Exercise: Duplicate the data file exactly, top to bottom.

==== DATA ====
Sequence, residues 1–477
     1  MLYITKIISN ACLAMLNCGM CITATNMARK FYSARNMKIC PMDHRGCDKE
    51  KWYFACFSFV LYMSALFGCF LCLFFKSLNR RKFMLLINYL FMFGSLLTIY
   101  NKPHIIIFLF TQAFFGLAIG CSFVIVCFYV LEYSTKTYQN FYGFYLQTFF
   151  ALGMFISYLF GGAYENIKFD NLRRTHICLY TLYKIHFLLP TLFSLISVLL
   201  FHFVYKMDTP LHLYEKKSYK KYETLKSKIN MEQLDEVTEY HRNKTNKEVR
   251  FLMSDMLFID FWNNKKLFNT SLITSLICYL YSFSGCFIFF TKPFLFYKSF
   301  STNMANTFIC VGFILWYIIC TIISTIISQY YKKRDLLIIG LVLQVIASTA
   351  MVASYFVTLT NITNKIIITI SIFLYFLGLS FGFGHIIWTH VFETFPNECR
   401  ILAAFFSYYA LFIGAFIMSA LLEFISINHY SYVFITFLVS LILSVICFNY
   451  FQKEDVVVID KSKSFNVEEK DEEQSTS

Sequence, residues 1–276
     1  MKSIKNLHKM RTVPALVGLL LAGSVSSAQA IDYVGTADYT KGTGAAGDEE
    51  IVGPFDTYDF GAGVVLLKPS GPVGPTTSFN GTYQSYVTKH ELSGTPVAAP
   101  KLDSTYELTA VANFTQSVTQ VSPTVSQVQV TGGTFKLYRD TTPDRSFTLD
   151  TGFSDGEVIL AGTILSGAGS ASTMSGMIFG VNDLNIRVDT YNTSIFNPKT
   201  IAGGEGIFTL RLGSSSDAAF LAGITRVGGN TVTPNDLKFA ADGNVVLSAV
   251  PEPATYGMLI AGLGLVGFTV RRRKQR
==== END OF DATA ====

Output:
Sequence, residues 1–477
     1  MLYITKIISN ACLAMLNCGM CITATNMARK FYSARNMKIC PMDHRGCDKE
    51  KWYFACFSFV LYMSALFGCF LCLFFKSLNR RKFMLLINYL FMFGSLLTIY
   101  NKPHIIIFLF TQAFFGLAIG CSFVIVCFYV LEYSTKTYQN FYGFYLQTFF
   151  ALGMFISYLF GGAYENIKFD NLRRTHICLY TLYKIHFLLP TLFSLISVLL
   201  FHFVYKMDTP LHLYEKKSYK KYETLKSKIN MEQLDEVTEY HRNKTNKEVR
   251  FLMSDMLFID FWNNKKLFNT SLITSLICYL YSFSGCFIFF TKPFLFYKSF
   301  STNMANTFIC VGFILWYIIC TIISTIISQY YKKRDLLIIG LVLQVIASTA
   351  MVASYFVTLT NITNKIIITI SIFLYFLGLS FGFGHIIWTH VFETFPNECR
   401  ILAAFFSYYA LFIGAFIMSA LLEFISINHY SYVFITFLVS LILSVICFNY
   451  FQKEDVVVID KSKSFNVEEK DEEQSTS

Sequence, residues 1–276
     1  MKSIKNLHKM RTVPALVGLL LAGSVSSAQA IDYVGTADYT KGTGAAGDEE
    51  IVGPFDTYDF GAGVVLLKPS GPVGPTTSFN GTYQSYVTKH ELSGTPVAAP
   101  KLDSTYELTA VANFTQSVTQ VSPTVSQVQV TGGTFKLYRD TTPDRSFTLD
   151  TGFSDGEVIL AGTILSGAGS ASTMSGMIFG VNDLNIRVDT YNTSIFNPKT
   201  IAGGEGIFTL RLGSSSDAAF LAGITRVGGN TVTPNDLKFA ADGNVVLSAV
   251  PEPATYGMLI AGLGLVGFTV RRRKQR